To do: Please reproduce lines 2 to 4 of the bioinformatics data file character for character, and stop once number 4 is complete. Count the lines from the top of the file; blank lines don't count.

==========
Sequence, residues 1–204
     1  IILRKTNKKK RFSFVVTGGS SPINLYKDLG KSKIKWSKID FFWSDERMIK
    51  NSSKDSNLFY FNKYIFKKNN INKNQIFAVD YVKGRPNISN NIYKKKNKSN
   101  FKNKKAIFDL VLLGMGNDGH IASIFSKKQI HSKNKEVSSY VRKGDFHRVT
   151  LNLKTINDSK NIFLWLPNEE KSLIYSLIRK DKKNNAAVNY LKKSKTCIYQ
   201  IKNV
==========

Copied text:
     1  IILRKTNKKK RFSFVVTGGS SPINLYKDLG KSKIKWSKID FFWSDERMIK
    51  NSSKDSNLFY FNKYIFKKNN INKNQIFAVD YVKGRPNISN NIYKKKNKSN
   101  FKNKKAIFDL VLLGMGNDGH IASIFSKKQI HSKNKEVSSY VRKGDFHRVT